Next, we tested the effect of Matn2 deficiency on the muscle-specific gene expression in fetal limbs and myoblasts derived from newborn mice. Remarkably, QRT-PCR analysis revealed a 361-fold drop in Trf3 expression, followed by robust downregulation in the expression of Nfix, Nfia, Bmp7 and late differentiation markers (Eno, Myh1) in Matn2−/− fetal limbs at embryonic day 16.5 (E16.5) (Table 1). Matn2 deficiency also significantly decreased the expression of the MyoD, Fak and Taf3 myogenesis regulators. Because an Nfix-directed switch from embryonic to fetal myogenesis takes place between E14.5 and E17.5 (Messina et al., 2010), along with the switch of the TFIID to a Trf3–Taf3-containing complex (Deato and Tjian, 2007), our data imply that Matn2 deficiency impairs the global switch towards terminal muscle differentiation by robustly preventing the induction of myogenic regulators, such as Trf3 and Nfix.
Mean±s.e.m., n = 9. Ct values were normalized to the Ct value of the invariant Rps18.
P<0.001 (two-sample t-test).
The regulatory cascade induced by Matn2 is elicited by the myoblasts themselves, as the expression of Trf3, Taf3, Bmp7, MyoD, Fak, Nfic, Nfix and Itga5 were all decreased in Matn2−/− versus Matn2+/+ cultured myoblasts (Table 1). When the kinetics of primary myoblast differentiation were assessed in differentiation medium, a transient 160-fold activation of Matn2 expression was accompanied by a 28–50-fold transient induction of Tfr3, Taf3, Nfix, Nfic, Nfia and Bmp7 and by elevated expression of Itga and Fak in differentiating Matn2+/+ myoblasts (Fig. 8B). Interestingly, after a 50–100-fold activation on day 2, the levels of MyoD and Myog peaked at day 7, following the earlier activation of p21 and Myh1 with a kinetics similar to those of Trf3, Taf3 and Nfi.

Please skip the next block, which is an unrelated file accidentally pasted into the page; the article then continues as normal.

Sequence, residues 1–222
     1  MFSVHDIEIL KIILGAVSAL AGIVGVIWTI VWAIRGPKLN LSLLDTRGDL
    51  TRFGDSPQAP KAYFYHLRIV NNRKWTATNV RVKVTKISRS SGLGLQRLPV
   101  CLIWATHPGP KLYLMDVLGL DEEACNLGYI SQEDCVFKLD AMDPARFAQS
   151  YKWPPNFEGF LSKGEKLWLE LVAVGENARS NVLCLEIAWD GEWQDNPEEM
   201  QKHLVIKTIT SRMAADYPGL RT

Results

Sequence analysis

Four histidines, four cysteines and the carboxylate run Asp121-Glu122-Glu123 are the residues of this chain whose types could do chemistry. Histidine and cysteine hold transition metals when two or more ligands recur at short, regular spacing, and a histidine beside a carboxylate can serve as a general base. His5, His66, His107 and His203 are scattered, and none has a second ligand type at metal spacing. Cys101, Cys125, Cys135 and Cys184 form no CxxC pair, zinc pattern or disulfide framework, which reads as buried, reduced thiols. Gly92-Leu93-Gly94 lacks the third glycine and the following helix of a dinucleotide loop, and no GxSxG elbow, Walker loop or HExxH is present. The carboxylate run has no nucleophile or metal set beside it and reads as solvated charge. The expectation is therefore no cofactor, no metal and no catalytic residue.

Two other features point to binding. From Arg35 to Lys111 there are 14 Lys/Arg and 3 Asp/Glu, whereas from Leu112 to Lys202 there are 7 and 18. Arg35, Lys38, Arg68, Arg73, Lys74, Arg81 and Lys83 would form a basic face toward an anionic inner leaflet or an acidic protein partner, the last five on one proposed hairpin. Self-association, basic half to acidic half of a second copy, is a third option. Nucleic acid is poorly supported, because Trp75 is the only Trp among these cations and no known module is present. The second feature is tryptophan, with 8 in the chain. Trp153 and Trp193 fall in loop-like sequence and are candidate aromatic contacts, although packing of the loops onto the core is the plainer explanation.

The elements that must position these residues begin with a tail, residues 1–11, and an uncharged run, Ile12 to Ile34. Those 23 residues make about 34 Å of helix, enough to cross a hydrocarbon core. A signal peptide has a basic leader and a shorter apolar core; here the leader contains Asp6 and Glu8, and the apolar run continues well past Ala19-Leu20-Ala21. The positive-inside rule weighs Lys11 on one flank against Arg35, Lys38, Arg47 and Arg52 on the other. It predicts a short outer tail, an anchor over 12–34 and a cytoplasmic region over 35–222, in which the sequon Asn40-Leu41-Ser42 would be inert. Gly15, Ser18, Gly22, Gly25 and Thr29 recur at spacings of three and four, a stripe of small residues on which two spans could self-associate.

By contrast, in the absence of Matn2, the expression of Trf3, Taf3, MyoD, Myog and other myogenic marker genes was not induced (Fig. 8B). Thus, Matn2 deficiency interfered with the transient activation of Nfix and Nfia regulating fetal and embryonic muscle genes, and it also prevented the induction of the Bmp7 and Nfic intermediates of the BMP/TGF-β signaling pathways. Decreased Itga5 and Fak expression in Matn2−/− myoblasts and during their differentiation, respectively, indicated that Matn2 deficiency can also affect integrin signaling (Fig. 8C,D). p42 (Erk2) phosphorylation was also inhibited in Matn2−/− mice (supplementary material Fig. S3C).